Angioplasty to clear blocked arteries costs more at hospitals not equipped for emergency heart surgery, according to a study presented on Sunday at the American Heart Association scientific meeting.
Elective angioplasty is becoming increasingly common at hospitals that do not conduct more complicated heart procedures. During angioplasty, doctors insert a balloon-tipped catheter into an artery and inflate a balloon to open the narrowed blood vessel.
Researchers from Duke University Medical School in North Carolina analyzed billing data from more than 18,000 patients and found that the average cumulative medical costs were $23,991 in surgery-equipped hospitals, versus $25,460 in those without surgical centers.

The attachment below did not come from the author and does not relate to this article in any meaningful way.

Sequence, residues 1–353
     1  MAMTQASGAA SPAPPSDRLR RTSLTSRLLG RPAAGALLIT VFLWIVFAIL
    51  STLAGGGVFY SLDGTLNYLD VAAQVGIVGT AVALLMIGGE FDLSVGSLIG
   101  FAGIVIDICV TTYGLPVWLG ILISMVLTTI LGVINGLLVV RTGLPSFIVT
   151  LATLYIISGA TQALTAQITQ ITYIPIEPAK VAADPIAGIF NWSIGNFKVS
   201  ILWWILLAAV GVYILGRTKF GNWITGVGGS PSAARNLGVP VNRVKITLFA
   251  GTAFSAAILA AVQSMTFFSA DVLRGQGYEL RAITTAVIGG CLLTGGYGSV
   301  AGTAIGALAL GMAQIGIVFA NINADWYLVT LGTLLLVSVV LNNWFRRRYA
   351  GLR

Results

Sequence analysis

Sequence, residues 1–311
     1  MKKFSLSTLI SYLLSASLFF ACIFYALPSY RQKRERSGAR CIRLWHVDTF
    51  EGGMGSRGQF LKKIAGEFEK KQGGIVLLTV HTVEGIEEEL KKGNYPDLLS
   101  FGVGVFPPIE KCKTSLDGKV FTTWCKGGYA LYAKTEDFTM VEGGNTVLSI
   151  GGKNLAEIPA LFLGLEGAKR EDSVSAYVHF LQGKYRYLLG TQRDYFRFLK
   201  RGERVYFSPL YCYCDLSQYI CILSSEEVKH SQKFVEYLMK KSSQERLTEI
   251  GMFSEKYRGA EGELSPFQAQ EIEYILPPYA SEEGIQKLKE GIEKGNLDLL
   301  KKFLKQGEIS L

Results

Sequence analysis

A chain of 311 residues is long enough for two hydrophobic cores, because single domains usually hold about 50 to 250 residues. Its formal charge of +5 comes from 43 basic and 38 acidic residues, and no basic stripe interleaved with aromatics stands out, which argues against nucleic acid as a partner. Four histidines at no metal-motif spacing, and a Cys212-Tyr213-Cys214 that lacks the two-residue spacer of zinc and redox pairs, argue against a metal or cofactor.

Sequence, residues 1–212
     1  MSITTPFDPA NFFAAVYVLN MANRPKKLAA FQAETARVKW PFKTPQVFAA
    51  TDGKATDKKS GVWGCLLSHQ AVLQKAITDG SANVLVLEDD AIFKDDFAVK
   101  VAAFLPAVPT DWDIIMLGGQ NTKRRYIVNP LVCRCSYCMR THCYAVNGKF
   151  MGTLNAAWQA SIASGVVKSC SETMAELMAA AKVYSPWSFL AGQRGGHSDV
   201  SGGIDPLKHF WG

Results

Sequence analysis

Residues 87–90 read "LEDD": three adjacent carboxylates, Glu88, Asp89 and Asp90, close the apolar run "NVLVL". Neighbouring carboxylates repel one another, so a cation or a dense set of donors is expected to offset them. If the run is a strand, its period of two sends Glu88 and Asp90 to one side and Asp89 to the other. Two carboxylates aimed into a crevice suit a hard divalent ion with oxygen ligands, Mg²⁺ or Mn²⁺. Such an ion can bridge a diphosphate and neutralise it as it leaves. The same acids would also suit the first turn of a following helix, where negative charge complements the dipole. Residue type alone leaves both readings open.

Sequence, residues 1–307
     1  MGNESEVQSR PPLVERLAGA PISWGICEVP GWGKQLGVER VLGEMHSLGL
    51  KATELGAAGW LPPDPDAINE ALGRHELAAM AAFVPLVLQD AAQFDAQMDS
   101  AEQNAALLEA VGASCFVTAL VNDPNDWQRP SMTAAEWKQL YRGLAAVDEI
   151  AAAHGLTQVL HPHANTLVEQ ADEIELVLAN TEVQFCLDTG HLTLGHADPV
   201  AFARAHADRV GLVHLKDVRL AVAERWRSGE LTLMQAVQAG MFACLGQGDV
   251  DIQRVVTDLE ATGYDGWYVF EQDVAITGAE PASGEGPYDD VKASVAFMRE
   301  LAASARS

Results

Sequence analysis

"Surprisingly, there was no difference in procedure cost," said Dr. Eric Eisenstein, lead author of the study and assistant professor of medicine at Duke. "We did find a difference in follow-up cost."
The difference was due mainly to the fact that non-surgery hospitals used intensive care units for post-angioplasty care, as required by the study, and patients treated at these hospitals were more likely to be readmitted nine months after treatment.
"Rising costs of medical care make it very pertinent for us to assess value," said Dr. Mark Hlatky, director of the cardiovascular outcomes research center at Stanford University.
Eisenstein said, "there is no guarantee that a community hospital can provide angioplasty services at costs comparable with those of major hospitals with on-site cardiac surgery."
More than 1 million coronary artery opening procedures are performed in the United States each year, according to the American Heart Association.